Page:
This pair of variations on Blink will continue to exercise the solo LED and illuminate some principles of Pulse Width Modulation.

Pulse Width Modulation, or PWM, is a technique for getting analog results with digital means. Digital control is used to create a square wave, a signal switched between on and off. This on-off pattern can simulate voltages in between full on (5 Volts) and off (0 Volts) by changing the portion of the time the signal spends on versus the time that the signal spends off. The duration of "on time" is called the pulse width. To get varying analog values, you change, or modulate, that pulse width. If you repeat this on-off pattern fast enough, the result seems as if the signal is steady at value between on or off.

In Dissolve, as in Blink, the LED is on half the time and off half the time. This is a 50% "duty cycle," the percentage of time the signal is on. The average value is thus 50% of the full voltage (2.5 volts on the Arduino). The difference between Blink and Dissolve is that Dissolve increases the on-off speed (the PWM frequency) as it runs. What you will notice is that eventually, roughly around when the LED is on for 20ms and off for 20ms, you will stop seeing it blink, and it will appear to be steady at about half brightness ("about" half because perceived brightness is another story all together). To see that it is still blinking, shake your Arduino and watch the light.



/*
 * Dissolve
 *
 * A variation on Blink, the the basic Arduino example.  Turns on an LED on for one second,  then off for one second, then on for a little less than a second, then off for a little less, and then speeds it up a little faster each time...  
 * We use pin 13 because,
 * depending on your Arduino board, it has either a built-in LED
 * or a built-in resistor so that you need only an LED.
 *
 * http://www.arduino.cc/en/Tutorial/Blink
 */


int ledPin = 13;                // LED connected to digital pin 13

int delayTime = 1000;          // starts just like Blink does, but this will decrease over time

float multiplyByFactor = 0.95;   // each cycle, multiply delay time by this factor

void setup()                    // run once, when the sketch starts
{
  pinMode(ledPin, OUTPUT);      // sets the digital pin as output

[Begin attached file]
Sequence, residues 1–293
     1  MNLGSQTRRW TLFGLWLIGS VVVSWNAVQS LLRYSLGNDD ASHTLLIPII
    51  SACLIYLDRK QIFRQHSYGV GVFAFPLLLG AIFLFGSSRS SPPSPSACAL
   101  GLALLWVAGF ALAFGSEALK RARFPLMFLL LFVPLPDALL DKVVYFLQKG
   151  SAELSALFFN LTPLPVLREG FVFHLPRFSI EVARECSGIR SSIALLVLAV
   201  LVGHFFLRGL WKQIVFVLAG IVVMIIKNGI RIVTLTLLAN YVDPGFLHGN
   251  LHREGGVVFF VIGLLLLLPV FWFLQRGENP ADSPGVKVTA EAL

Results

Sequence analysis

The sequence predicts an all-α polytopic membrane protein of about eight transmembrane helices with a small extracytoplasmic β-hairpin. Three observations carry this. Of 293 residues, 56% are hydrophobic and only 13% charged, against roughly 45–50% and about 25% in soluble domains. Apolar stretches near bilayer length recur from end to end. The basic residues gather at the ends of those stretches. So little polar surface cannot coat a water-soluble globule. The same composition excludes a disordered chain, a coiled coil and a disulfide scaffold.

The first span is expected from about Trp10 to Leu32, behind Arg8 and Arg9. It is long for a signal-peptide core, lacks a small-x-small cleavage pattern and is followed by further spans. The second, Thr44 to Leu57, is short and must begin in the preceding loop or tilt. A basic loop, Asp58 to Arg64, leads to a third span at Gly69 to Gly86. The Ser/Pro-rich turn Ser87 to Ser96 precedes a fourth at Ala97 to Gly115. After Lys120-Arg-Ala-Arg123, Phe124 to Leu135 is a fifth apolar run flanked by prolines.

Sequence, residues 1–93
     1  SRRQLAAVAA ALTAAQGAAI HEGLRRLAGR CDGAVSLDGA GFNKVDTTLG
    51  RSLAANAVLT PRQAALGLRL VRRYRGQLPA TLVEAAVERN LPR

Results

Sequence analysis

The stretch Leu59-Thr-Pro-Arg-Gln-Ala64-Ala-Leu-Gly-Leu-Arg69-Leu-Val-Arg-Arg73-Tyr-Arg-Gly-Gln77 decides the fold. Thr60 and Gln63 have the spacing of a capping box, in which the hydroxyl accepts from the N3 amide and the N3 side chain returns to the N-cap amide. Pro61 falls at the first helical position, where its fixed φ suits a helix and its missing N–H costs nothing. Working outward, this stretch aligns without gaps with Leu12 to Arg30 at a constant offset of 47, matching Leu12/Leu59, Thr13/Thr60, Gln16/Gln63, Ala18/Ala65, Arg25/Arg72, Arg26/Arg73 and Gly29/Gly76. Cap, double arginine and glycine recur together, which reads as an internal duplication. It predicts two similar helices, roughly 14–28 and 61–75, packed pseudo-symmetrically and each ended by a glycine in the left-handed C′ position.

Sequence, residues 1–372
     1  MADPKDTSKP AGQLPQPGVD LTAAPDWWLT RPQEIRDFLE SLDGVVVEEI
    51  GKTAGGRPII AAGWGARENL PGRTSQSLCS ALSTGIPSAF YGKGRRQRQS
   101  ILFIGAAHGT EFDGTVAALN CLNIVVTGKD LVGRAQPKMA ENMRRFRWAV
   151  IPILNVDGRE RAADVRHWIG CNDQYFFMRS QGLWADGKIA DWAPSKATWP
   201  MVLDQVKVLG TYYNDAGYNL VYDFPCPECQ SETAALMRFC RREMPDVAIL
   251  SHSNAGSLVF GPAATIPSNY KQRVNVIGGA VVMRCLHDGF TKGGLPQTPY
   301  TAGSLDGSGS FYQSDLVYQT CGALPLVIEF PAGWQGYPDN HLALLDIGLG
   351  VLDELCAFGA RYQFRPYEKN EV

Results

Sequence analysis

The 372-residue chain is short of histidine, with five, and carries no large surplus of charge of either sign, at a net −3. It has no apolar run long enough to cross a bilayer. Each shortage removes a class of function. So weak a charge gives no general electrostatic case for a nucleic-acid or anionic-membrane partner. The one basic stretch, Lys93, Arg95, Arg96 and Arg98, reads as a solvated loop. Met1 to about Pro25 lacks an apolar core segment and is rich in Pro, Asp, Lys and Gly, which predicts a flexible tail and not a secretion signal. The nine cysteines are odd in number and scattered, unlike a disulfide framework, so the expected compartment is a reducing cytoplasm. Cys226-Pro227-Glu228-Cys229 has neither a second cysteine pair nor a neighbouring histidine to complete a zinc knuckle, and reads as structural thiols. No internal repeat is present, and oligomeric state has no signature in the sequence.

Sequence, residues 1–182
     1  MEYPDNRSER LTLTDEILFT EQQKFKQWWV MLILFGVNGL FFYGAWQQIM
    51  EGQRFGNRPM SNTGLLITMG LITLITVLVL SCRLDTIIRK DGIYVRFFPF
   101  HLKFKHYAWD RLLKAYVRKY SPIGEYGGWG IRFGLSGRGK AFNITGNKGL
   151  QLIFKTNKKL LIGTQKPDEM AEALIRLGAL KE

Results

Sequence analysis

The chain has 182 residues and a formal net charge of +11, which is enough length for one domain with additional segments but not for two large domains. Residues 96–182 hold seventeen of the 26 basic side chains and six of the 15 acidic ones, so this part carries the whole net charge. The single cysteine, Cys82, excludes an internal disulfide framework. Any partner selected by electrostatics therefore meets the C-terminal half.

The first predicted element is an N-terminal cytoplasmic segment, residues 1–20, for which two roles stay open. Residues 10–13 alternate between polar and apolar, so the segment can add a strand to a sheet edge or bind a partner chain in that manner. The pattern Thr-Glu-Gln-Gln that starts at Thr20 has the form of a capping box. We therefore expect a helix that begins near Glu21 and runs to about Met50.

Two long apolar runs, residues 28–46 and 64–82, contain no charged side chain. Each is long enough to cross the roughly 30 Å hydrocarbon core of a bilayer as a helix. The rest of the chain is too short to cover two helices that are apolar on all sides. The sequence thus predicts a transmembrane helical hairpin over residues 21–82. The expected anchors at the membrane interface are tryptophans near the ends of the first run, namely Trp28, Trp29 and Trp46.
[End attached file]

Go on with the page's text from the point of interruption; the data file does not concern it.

}

void loop()                     // run over and over again
{
  digitalWrite(ledPin, HIGH);   // sets the LED on
  delay(delayTime);                  // waits for a second
  digitalWrite(ledPin, LOW);    // sets the LED off
  delay(delayTime);                  // waits for a second

  // For each blink cycle, mutiple delay by factor:  1000, 950, 902, 856, 813, 772, ...
  // until delayTime is just one millisecond  
  if (delayTime > 1) {
    delayTime= delayTime * multiplyByFactor;
  }
}
 

Throb takes the PWM principle and uses it to create a throbbing LED that slowly increases and decreases in brightness. Unlike Dissolve, where the duty-cycle never changes but PWM frequency increases, Throb changes the duty-cycle but maintains a constant PWM frequency. Each 30 ms cycle (variable: int cycleTime) is shared between on and off. First the LED is turned on for 0 ms, and then off for 30 ms. Next, it's on of 1 ms, and off for 29. Then on for 2 ms and off 28 ms and so on. This repeats until the LED is on for all 30 ms. At this point the process is sent in the other direction and Throb starts decreasing the "on time" by 1 ms each cycle. In other worse, it's decreasing the duty-cycle or narrowing the pulse-width. As you will see, this process continues back and forth. The resulting effect is the throbbing LED. For a fancier effect, think about ways that the rate of change (variable: int changeSpeed) can differ over the trip between fully on and fully off. For example, slowing down or speeding up that change as it approaches maximum brightness.

/*
 * Throb
 *
 * A variation on Blink.  This sketch presents the concept of PWM or
 * Pulse Width Modulation. It "throbs" the brightness of an LED, making it
 * gradually brighter and dimmer.
 *
 * From Blink: We use pin 13 because,
 * depending on your Arduino board, it has either a built-in LED
 * or a built-in resistor so that you need only an LED.
 *
 */


int ledPin = 13;                // LED connected to digital pin 13

// once this is working, reprogram with a cycle time of 100 to see more clearly how the throbbing works
int cycleTime = 30;             // the total duration of a PWM cycle

int changeSpeed = 1;            // throb speed, or the number of milliseconds to change the onTimePerCycle per Cycle

boolean brightnessGoingUp = true;     // whether the brightness is going up or down
int onTimePerCycle = 0;      // the number of milliseconds to turn the LED within a cycle

void setup()                    // run once, when the sketch starts
{
  pinMode(ledPin, OUTPUT);      // sets the digital pin as output
}

void loop()                     // run over and over again
{

  digitalWrite(ledPin, HIGH);        // sets the LED on
  delay(onTimePerCycle);             // wait for onTimePerCycle milliseconds
  digitalWrite(ledPin, LOW);         // sets the LED off
  delay(cycleTime - onTimePerCycle); // waitfor the rest of the complete cycle              

  // Now adjust the brightness up or down depending the the current state
  if (brightnessGoingUp) {  
    onTimePerCycle += changeSpeed;
  }
  else {
    onTimePerCycle -= changeSpeed;
  }  

  // if we are at full brightness, where the LED is on for the complete cycle
  if (onTimePerCycle >= cycleTime) {
    brightnessGoingUp = false;       // switch mode to brightness going down
    onTimePerCycle = cycleTime;      // make sure brightness did not go over
  }
  // if we are at zero brightness, where the LED is not on at all in a cycle
  if (onTimePerCycle <= 0) {        
    brightnessGoingUp = true;      // switch mode to brightness going up
    onTimePerCycle = 0;            // make sure the onTime didn't go bellow zero        
  }

}
 

Share